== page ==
Interesting Relic of Robert Burns.
We have had handed to us for inspection a most interesting relic of the poet Burns. It is a book entitled ' Louisa, a Poetical Novel in Four Epistles, by Miss Seward.' This book belonged to our national bard, and a number of its pages are marginal notes written by the poet in pencil. On the inside of the board fronting the title-page is the following :—" Dumfries, July 2, 1835. This book, from the library of Robert Bums, the Scottish poet, and containing some of his handwriting, is most respectfully presented to Mrs Marion Gracie by his eldest son, Robert Burns." On the margin of the page at the first stanza tho poet has written the word "excellent," while over the page, and opposite the couplet,
Yet when thou know'st for me that sorrow shrouds Hope's orystsl mirror with impervious clouds, he has written tho words, "An incongruous metaphor." Of another stanza he notes on tho margin, "A beautiful description of nature in the season " (autumn). The following lines from the poem may be given in txtenso, on account of the opinion of their merit which the illustrious Scotsman has written on the margin :
Beneath my trembline finscrs lightly rune The lute's tweet chords, respomivo while I song, Faint In the yellow broom the oxen lay, And the mute birds sat languid on the spray; And nought was heard around tho noontide bowor, S»vo that the mountain bee from Rower to flower Beem'd to prolong with her a*»l luous wing The soft vibration of the tuneful string ; While the fierce skies flamed on the shrinking rills, And sultry silence brooded o'er the hills.
This it ft graphic picture of a rustic scene under a sweltering summer's sun ; and Burns has written opposite the lines " Most beautiful ; equal to Thomson's finest descriptions." And so on various pages of the book the inspired ploughman pencils his opinions. Of one stanz* he saya t " The whole of this evening scene is excellent, hut the double use of the sun under b purple cloud, and then setting In unclouded brightness, both as description and simile, is beyond the rest." The most of the great poet's marginal notes are eulogistic in their tone, but he comes away with a bit of criticism where in jotting at the foot of a page he writes:—"The whole apostrophe except the address to his (Major Andre's) mother is too nnimpassioned, particularly where paßßlon should have glowed the most when he mentions his mistress." The book is dated 1784, and an account of it having once belonged to Burns, and containing, as it does, the marginal notes from his own hand, it is a rare, valuable, and intensely interesting volume. It is at present in the possession of Mr Jameß Watson, Ford place, Finnart, Greenock. Mrs Marion Gracie was, it may be stated, a servant with Mrs Burns during the later years of "Jean's" life.—' Greenook Telegraph.'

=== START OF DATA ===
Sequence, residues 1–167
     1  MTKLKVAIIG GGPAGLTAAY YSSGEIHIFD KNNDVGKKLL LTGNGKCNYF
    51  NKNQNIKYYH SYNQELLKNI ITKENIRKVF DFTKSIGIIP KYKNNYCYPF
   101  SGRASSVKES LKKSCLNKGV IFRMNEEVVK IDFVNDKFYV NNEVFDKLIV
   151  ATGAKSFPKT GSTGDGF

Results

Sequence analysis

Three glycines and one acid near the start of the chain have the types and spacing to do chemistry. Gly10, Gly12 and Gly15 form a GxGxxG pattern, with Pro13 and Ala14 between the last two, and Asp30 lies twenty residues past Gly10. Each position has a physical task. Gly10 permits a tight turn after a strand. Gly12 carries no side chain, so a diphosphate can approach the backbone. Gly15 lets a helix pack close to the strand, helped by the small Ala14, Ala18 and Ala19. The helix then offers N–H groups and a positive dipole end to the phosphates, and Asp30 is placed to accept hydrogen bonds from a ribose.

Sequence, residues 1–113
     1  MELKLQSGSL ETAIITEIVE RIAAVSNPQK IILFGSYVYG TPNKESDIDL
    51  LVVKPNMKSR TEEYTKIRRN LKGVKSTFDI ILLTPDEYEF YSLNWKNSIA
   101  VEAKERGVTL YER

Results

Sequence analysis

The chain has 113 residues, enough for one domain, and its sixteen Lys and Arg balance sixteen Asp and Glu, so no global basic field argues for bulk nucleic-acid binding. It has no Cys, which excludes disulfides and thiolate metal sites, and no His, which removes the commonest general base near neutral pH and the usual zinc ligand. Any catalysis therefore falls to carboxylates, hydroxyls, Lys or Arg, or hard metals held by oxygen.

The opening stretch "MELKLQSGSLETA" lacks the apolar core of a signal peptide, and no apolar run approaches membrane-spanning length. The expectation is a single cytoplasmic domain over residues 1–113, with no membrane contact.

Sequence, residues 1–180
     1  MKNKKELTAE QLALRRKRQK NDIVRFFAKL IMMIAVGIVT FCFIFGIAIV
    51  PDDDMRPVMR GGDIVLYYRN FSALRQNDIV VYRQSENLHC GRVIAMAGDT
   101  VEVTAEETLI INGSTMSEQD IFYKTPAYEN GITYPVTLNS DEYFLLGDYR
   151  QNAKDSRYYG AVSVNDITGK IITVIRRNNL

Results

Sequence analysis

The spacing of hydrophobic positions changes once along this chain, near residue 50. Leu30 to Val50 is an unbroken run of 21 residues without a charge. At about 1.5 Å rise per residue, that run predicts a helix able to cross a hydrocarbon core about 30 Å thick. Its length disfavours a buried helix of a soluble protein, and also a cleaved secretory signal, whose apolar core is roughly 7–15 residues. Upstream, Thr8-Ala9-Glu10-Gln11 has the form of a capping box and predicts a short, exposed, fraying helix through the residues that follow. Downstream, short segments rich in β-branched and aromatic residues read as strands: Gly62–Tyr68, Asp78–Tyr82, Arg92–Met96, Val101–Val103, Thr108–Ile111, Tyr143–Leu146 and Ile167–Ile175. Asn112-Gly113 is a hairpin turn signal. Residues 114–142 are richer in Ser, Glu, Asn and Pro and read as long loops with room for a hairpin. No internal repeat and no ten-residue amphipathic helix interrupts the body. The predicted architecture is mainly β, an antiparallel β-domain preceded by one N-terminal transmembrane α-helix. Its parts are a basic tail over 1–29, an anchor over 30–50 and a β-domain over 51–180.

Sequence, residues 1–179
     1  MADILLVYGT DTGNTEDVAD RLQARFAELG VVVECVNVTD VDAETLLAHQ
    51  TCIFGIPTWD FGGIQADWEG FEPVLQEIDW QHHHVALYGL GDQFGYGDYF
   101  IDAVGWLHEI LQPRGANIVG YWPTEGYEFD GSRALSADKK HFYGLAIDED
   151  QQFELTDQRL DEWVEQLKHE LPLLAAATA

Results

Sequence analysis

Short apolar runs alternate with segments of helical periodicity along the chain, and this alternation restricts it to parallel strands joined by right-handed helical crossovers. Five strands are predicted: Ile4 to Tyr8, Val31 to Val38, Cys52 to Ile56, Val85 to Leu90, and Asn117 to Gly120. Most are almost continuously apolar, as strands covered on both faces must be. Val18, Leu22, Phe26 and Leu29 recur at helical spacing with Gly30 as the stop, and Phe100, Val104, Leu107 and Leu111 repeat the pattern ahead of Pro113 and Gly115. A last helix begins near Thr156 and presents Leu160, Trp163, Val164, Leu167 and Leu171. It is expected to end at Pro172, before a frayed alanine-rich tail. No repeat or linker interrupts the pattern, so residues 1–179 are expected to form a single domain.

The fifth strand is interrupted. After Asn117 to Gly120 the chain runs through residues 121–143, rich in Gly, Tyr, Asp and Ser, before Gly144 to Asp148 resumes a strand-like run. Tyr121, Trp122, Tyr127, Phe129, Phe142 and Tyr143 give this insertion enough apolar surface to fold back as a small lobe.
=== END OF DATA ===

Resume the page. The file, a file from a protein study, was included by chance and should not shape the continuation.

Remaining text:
It is said on good authority that very close shaving is a dangerous thing to follow up for any considerable time. One who claims to know writes as follows:—"Do you know what a close shave means? I never did until I looked at a face the other day through a mioroscope which had been trained to this luxurious process. Why, the entire skin resembles a piece of raw beef. To make the face perfectly smooth requires not only the removal of the hair but also a portion of the cuticle, and a close shave meanß the removal of a layer of skin all aronnd. The blood vessels thus exposed are not visible to the eye, bat under the microsoope each little quivering mouth holding a minute blood drop protests against Buch cruel treatment. The nerve tips are also uncovered, and the pores are left unprotected, which makes the Bkin tender and unhealthy, This Budden exposure of the inner layer of the skin renders a person liable to have colds, hoarseness, and sore throat."
Kwang Holi, the Emperor of China, appears to be a potentate well supplied with domestics. Does he want to be fanned? Twenty-five fan bearers are at his behest. Is it wet ? There are ten men whose sole duty is to carry his umbrella. In sickness or in health thirty medical men wait on him. He haa eighty bonnes, twenty-three cooks, fifty domestic attendants, fifty valets, seventy-five astrologers, sixteen tutors, and sixty priests, or a total of 426 servants. ffl
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Interesting Relic of Robert Burns., Evening Star, Issue 7932, 13 June 1889
Interesting Relic of Robert Burns. Evening Star, Issue 7932, 13 June 1889
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